Despite the myriad of budget overruns and problems encountered during the construction of the US$5.4 billion Panama Canal Expansion, many hope the expanded canal will increase annual Canal revenue from US$2.6 billion to as much as US$16 billion (Fortune). This is especially true since Cosco Shipping Panama paid US$575,545 for its inaugural trip and Hong Kong-flagged MOL Benefactor (10,000 tea) paid US$829,468 — a US$1 million fee seems likely given the canal can handle higher capacity vessels. However, not only did the Expansion open two years late, it was inaugurated (26 June 2016) during a time when global commodities and shipping have taken a hit. Crawling global trade combined with potential safety and construction issues with the canal put the Canal’s revenue rates at risk.

PPK's Peru: Financial Sector

  • After Peru’s economic growth dropped in 2015, PPK and his team have emphasized improving the economy and returning it to a target growth rate of at least 5 percent through creating policies that formalize the economy and promote sustainable growth, investment.
     
  • PPK wants to implement several tax reform policies that aim to lower taxes, simplify the laws, and improve collection rates, including gradually reducing the IGV from 18 percent to 15 percent by 2019 and providing tax incentive to small and medium businesses.
     
  • PPK will likely have to water down his economic policy proposals, especially tax reforms, to garner approval from an opposition controlled Congress.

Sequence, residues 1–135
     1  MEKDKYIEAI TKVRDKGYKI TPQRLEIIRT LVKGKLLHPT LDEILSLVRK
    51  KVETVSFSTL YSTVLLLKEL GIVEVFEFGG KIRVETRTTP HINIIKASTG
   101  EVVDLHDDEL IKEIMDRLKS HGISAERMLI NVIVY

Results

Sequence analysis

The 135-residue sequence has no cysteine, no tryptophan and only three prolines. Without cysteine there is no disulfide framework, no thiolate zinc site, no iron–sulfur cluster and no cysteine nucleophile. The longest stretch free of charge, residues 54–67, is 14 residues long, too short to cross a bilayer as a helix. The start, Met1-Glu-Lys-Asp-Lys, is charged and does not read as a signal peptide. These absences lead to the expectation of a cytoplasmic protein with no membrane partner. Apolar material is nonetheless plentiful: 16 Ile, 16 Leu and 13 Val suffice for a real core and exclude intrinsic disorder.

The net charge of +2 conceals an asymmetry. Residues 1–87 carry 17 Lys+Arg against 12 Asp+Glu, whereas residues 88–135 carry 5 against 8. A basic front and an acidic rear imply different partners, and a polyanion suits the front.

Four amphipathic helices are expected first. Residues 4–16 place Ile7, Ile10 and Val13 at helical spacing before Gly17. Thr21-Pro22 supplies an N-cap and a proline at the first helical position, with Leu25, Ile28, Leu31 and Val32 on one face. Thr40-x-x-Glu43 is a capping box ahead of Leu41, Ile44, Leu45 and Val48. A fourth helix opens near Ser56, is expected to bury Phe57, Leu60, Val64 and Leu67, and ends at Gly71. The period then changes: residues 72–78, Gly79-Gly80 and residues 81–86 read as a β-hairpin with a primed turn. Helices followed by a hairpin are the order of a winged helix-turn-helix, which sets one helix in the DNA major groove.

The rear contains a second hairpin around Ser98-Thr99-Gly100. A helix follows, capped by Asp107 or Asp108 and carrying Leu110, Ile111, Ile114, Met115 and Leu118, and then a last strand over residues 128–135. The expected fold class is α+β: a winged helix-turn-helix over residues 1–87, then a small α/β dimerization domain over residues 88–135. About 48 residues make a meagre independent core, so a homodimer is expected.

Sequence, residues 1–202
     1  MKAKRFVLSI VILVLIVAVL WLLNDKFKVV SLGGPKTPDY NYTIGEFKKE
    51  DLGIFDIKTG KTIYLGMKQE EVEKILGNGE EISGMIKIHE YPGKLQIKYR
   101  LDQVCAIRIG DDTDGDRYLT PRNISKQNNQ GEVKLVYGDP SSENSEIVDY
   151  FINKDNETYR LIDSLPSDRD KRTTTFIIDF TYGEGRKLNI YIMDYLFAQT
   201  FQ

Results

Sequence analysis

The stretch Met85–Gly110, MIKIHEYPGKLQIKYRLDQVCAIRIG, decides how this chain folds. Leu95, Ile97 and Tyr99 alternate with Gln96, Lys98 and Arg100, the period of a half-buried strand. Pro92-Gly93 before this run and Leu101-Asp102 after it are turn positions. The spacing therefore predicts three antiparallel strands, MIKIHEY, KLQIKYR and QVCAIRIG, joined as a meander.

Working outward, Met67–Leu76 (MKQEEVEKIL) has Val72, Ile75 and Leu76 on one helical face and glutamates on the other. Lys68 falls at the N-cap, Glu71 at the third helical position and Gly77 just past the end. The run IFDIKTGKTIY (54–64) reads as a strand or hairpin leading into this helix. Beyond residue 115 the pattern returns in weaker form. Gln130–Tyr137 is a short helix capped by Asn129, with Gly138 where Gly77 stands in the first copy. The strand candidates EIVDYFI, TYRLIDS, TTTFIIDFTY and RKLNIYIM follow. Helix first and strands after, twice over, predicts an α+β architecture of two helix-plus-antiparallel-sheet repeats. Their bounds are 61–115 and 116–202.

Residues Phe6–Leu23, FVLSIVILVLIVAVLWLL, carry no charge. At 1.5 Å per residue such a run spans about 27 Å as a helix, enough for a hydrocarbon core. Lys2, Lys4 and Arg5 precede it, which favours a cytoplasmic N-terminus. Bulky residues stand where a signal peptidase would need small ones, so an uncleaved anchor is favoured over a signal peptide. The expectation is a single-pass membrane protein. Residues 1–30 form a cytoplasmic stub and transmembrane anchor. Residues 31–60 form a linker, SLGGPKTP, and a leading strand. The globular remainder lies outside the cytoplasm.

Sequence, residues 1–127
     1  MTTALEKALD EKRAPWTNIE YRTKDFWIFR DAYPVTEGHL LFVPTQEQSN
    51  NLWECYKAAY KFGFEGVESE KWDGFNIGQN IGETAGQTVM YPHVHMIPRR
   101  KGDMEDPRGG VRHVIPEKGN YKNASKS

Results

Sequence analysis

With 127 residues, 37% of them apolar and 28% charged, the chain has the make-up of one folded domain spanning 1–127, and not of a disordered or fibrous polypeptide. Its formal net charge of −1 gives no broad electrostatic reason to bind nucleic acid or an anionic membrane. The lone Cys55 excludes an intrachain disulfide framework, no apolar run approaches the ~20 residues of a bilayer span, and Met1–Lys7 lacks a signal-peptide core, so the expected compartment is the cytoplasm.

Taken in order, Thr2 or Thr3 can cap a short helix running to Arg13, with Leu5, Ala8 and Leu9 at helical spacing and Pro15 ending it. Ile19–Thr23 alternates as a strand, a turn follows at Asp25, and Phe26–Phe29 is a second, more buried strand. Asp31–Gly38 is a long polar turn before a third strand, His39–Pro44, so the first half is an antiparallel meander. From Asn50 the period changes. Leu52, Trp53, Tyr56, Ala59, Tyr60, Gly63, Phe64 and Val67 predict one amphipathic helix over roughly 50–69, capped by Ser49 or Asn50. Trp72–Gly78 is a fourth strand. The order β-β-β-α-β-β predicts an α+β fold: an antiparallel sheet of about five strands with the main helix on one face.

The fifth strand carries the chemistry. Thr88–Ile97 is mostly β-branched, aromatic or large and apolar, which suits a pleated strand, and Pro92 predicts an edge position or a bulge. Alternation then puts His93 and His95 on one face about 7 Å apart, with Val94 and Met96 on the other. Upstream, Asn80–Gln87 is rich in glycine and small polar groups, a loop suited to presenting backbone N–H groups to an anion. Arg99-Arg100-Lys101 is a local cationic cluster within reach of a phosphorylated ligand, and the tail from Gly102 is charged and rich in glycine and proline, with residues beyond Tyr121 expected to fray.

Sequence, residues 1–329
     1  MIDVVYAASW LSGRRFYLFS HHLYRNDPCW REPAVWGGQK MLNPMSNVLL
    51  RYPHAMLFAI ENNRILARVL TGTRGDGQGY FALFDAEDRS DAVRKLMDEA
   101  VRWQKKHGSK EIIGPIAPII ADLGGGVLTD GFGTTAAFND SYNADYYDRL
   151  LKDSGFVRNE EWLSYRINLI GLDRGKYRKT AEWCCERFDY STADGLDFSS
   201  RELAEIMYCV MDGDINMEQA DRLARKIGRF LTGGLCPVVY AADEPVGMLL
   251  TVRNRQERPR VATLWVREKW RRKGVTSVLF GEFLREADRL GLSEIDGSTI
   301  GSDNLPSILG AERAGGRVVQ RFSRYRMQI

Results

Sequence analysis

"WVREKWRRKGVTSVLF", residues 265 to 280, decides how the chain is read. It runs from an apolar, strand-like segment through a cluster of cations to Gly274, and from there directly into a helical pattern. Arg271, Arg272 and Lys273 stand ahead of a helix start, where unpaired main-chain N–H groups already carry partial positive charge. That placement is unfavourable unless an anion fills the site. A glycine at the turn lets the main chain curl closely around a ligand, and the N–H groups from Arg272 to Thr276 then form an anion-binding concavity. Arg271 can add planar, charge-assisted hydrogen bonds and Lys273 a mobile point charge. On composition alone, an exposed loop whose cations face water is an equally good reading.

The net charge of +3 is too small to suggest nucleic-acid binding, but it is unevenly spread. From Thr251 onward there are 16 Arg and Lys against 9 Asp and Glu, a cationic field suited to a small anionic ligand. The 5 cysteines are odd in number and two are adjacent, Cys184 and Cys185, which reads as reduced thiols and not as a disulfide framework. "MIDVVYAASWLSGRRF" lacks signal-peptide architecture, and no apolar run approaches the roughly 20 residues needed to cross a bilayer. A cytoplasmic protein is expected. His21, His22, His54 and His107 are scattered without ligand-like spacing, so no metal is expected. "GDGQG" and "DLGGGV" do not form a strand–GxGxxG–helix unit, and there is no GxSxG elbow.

PPK's Peru: Extractives

  • PPK seeks to reignite the Peruvian economy’s growth by increasing the value of mining exports by 25 percent, through simplifying bureaucratic processes to open mining projects and reviving stalled mining projects.

  • There are several challenges PPK will have to overcome to achieve his mining sector goals, including garnering congressional support, low commodity prices, social conflicts in areas where mines are concentrated, and illegal mining, which has a production value of US$1.3 billion.

  • The new government seeks to diversify Peru’s energy sector, with a focus on developing natural gas and expanding energy infrastructure, such as widening of the Transportadora de Gas del Perú (TGP) pipeline network and finish the Gasoducto Sur Peruano (GSP).

Rio de Janeiro Overview - July 2016

Rio's security situation took a turn for the worse this year as the state government’s funding ran out. However, the situation improved visibly in July, as federal forces began to enter the city and state coffers got an infusion of federal funds. The money temporarily saved the state government, which used it to pay police salaries. From Marines to Federal Highway Police, patrols and reconnaissance began around 15 July 2016. Additionally, the Military Police and organized criminal groups arrived at an unspoken agreement to stop violence in return for allowing drugs sales to go unmolested by law enforcement. As it is, the city will never be as safe as it will be in the next month and a half during the Olympic Games. The city and country will likely surprise observers with how well they pull off the high profile event.